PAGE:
Unintentional Learning: Does the Behavior Work?

Dogs constantly learn by discovering what behavior works.  They test and eliminate and add to the list of what behaviors get them what they want.  If a puppy is giving a treat every time she sits, she’ll quickly learn that the behavior pays off and will often offer a sit when unsure of what to do.

On the other hand, dogs can also learn bad behaviors because they work.  If your dog barks at you and you either pet her or even tell her to be quiet, you’ve just reinforced the barking by paying attention.

Consider the dog who barks at the mailman or UPS or Amazon delivery person until they get back in the truck and are out of sight. Dogs can bark at strangers approaching their home for a variety of reasons. And once the person leaves the dog most likely believes that her barking got the person to leave without ever coming into the house-what a successful effort! With the daily mail delivery, this behavior is rehearsed—successfully-every day. The dog has no idea that the mailman would approach, leave the mail or package and go away whether or not the dogs is barking.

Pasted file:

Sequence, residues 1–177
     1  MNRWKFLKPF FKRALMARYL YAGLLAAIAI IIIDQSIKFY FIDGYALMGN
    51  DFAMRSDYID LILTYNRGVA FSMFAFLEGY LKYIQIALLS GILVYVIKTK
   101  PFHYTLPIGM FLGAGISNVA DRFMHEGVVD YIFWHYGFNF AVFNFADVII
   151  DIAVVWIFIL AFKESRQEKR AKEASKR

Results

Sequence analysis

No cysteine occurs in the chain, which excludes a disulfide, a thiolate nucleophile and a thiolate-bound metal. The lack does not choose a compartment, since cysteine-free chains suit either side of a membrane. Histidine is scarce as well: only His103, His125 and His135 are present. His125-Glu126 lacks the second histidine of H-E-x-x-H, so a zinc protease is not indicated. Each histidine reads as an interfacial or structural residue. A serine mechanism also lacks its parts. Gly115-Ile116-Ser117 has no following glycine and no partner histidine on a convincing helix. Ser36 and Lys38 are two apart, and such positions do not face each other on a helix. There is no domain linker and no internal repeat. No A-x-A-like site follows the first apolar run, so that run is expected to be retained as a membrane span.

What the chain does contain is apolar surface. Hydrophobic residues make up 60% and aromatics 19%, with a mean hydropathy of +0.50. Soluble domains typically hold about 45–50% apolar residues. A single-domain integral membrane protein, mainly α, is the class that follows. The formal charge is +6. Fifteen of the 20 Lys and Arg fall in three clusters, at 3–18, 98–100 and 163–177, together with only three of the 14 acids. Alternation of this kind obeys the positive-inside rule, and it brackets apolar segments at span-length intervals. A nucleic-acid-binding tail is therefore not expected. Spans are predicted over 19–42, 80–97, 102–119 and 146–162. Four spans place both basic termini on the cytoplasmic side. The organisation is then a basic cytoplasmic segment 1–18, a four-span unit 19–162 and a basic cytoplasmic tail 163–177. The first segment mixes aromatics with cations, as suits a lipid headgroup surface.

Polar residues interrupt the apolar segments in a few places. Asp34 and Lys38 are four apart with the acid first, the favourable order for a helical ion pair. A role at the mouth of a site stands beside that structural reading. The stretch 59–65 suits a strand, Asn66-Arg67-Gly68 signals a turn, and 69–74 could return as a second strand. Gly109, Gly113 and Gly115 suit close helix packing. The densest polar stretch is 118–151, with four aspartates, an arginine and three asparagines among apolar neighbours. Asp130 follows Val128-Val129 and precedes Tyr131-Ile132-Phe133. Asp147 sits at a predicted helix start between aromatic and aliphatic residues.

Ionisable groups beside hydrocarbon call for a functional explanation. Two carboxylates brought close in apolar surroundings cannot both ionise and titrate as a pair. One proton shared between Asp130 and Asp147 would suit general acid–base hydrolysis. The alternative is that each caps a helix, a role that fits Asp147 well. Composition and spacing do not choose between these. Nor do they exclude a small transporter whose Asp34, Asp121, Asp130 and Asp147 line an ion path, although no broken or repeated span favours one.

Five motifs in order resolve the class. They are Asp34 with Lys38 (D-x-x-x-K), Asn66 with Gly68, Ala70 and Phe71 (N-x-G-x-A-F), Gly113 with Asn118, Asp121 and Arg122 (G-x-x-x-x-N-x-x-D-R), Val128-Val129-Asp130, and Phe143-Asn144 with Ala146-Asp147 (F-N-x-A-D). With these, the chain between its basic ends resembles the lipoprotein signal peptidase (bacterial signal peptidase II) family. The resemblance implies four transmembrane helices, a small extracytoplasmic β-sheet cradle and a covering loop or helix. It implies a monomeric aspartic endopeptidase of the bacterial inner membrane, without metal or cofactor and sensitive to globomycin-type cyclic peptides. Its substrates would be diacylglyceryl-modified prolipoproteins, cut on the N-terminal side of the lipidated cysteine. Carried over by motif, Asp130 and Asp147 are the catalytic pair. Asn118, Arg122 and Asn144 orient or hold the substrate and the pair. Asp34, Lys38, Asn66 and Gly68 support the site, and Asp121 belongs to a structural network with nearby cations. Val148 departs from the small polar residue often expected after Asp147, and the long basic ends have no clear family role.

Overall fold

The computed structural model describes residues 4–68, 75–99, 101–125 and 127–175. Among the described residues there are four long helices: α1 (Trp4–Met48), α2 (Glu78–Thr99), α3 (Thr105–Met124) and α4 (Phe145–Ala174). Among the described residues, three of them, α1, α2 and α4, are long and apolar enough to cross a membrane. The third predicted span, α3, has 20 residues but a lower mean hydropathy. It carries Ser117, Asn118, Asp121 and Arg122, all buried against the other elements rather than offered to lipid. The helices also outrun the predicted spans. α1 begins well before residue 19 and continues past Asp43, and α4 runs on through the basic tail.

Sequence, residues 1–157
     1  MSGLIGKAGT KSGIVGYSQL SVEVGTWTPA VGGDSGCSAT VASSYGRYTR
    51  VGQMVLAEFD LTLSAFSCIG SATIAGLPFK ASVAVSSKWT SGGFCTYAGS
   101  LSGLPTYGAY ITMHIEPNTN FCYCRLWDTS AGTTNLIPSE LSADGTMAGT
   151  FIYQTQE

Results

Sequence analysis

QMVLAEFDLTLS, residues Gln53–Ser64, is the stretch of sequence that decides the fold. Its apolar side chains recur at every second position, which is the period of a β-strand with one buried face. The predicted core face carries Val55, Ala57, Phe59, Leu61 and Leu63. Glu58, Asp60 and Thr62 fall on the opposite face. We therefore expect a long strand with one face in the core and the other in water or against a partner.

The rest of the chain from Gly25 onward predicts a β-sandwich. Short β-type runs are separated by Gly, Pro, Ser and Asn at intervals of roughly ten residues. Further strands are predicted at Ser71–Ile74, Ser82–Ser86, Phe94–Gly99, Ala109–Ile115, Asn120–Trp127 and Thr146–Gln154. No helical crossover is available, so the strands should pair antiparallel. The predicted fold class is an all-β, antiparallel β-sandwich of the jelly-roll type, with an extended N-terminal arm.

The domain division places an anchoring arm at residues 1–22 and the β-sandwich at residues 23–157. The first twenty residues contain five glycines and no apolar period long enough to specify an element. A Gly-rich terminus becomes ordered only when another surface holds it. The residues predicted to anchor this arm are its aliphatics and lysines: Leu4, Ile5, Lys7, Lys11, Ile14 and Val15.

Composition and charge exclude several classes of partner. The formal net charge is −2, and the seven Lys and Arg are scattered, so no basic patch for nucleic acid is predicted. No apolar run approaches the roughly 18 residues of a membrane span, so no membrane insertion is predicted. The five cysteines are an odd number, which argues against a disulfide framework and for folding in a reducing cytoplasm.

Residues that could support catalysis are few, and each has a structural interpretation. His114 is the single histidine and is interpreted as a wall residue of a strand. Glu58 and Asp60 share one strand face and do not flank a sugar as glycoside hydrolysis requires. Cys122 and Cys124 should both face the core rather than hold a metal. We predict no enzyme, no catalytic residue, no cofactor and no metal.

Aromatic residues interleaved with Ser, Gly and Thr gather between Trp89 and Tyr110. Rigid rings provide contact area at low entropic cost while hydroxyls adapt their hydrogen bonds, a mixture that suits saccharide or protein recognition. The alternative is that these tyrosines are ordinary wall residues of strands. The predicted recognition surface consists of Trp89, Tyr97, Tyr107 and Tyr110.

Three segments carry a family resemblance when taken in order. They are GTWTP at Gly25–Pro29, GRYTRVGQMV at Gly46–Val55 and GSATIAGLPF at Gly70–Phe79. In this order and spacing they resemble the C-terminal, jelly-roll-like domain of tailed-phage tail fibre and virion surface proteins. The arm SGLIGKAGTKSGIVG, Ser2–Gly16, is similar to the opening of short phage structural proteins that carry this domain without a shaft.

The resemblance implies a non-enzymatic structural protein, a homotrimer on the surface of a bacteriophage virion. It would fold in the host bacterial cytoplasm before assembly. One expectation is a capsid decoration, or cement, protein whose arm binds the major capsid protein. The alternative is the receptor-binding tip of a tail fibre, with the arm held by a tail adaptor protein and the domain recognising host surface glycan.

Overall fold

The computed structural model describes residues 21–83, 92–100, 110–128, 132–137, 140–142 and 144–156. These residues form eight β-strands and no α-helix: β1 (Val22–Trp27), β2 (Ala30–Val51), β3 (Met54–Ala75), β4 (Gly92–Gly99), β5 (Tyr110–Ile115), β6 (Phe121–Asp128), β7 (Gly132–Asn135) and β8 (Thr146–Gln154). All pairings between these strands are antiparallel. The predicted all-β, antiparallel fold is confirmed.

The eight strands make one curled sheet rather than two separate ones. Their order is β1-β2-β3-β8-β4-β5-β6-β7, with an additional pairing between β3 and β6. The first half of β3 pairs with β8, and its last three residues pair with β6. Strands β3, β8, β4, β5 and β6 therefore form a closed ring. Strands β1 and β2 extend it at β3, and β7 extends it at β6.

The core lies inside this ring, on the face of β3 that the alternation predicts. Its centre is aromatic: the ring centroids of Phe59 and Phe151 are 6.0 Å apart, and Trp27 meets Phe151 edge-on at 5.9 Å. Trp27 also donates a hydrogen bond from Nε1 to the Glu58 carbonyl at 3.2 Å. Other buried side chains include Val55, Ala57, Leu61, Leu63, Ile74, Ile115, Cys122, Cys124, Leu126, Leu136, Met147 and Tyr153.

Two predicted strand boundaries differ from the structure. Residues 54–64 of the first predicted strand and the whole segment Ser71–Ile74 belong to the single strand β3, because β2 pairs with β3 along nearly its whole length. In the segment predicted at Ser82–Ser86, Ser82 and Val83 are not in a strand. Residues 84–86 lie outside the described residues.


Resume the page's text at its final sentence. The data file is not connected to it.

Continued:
So, how can you change the behavior of barking at people approaching the house?  Consider this:

Ask people approaching, including your mailman and delivery people, to show the dog and leave a biscuit with the mail or package.  You can leave an airtight container at the bottom of your steps or driveway for people so people can pick one up on their way in.  Soon, the mailman, delivery people and guests will signal a treat to your dog, which will change the way your dog feels about people coming up the walk.

You can unintentionally teach your dog other less than desirable behaviors by “rewarding” them or making them work for the dog:  Demand barking at family members for attention, jumping on people when they come in and even nipping to get attention.  Think about what behaviors work for your dog but don’t work for you and consider how you might be able to change them.

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